Going through all of these backlogged reviews, I have encountered several teas I do not recall drinking all that clearly. This was one of them. I took very thorough session notes, but unfortunately, I never dated them. If I had to guess, I would say that I probably finished what I had of this tea around 1-2 weeks ago. I do recall liking this tea and found it to be a very approachable baked Tieguanyin that was very forgiving during the brewing process.
I prepared this tea gongfu style. After a quick rinse, I steeped 6 grams of loose tea leaves in 4 ounces of 208 F water for 10 seconds. This infusion was chased by 14 additional infusions. Steep times for these infusions were as follows: 12 seconds, 15 seconds, 20 seconds, 25 seconds, 30 seconds, 40 seconds, 50 seconds, 1 minute, 1 minute 15 seconds, 1 minute 30 seconds, 2 minutes, 3 minutes, 5 minutes, and 7 minutes.
Prior to the rinse, I detected aromas of banana, char, dark wood, and spice coming from the dry tea leaves. After the rinse, I noted new aromas of cinnamon, roasted peanut, and raisin. The first infusion brought out a stronger roasted peanut aroma and some slight vegetal character. In the mouth, the tea liquor offered notes of golden raisin, caramelized banana, cinnamon, vanilla, butter, char, and roasted peanut backed by hints of dark wood and vague vegetal character. Subsequent infusions saw the nose turn smoother, and oddly enough, a little more vegetal. New impressions of ginseng, cocoa, cream, prune, damp grass, watercress, banana leaf, cattail shoots, orchid, brown sugar, sour plum, lemon zest, baked bread, and roasted grain emerged in the mouth. The final infusions were dominated by mineral, char, butter, and cream notes that were balanced by subtler vegetal impressions and hints of dark wood and roasted peanut.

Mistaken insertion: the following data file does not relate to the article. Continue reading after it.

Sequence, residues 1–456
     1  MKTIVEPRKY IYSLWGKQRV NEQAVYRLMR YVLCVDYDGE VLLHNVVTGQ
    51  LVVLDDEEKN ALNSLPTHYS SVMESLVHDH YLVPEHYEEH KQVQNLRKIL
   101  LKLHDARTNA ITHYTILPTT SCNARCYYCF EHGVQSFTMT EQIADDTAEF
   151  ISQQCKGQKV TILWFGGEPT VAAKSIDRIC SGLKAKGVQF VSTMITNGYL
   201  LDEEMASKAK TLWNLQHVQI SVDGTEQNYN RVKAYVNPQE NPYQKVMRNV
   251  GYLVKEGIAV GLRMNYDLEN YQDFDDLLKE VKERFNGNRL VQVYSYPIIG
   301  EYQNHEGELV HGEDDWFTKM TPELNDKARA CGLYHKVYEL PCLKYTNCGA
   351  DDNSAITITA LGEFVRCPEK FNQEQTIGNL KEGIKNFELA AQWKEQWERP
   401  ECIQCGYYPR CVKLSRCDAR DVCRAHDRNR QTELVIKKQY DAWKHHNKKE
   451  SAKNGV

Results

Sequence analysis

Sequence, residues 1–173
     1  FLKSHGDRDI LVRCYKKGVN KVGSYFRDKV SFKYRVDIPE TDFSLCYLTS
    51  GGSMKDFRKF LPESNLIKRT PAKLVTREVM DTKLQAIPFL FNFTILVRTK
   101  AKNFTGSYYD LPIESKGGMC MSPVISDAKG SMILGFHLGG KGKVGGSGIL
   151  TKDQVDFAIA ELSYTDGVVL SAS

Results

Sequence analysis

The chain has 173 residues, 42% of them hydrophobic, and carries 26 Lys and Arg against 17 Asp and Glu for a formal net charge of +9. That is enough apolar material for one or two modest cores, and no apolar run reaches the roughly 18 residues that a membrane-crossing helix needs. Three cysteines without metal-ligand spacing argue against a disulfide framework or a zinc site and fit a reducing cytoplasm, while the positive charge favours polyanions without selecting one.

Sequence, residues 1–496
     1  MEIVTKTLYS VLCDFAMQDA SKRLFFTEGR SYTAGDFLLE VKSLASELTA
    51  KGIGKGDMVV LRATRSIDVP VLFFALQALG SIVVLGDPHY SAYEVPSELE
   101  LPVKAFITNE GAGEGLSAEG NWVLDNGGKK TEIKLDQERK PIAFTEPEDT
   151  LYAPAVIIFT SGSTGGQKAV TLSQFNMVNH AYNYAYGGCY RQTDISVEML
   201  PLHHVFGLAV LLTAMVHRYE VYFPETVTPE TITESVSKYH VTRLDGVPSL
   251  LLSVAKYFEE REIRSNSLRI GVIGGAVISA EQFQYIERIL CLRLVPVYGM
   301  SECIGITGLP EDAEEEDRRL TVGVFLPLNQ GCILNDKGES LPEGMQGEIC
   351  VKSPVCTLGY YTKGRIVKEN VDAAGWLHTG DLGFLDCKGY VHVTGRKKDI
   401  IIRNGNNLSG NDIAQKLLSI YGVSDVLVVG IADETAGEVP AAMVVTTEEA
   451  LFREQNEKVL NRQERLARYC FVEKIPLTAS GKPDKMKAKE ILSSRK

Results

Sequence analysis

I wasn’t too sure about this tea at first, but it steadily grew on me. Ultimately, I found this to be an approachable tea with satisfying depth and complexity. It was a little thinner in the mouth than anticipated, but that is a relatively minor quibble and probably no big deal for many people. If you have any interest in baked Tieguanyin, this would be a good one with which to start or a tasty, reliable daily drinker.
Flavors: Baked Bread, banana, Brown Sugar, Butter, Char, Cinnamon, Cocoa, Cream, Dark Wood, Dried Fruit, Grain, Grass, Herbaceous, Lemon Zest, Orchid, Peanut, Plums, Raisins, Roasted, Vanilla, Vegetal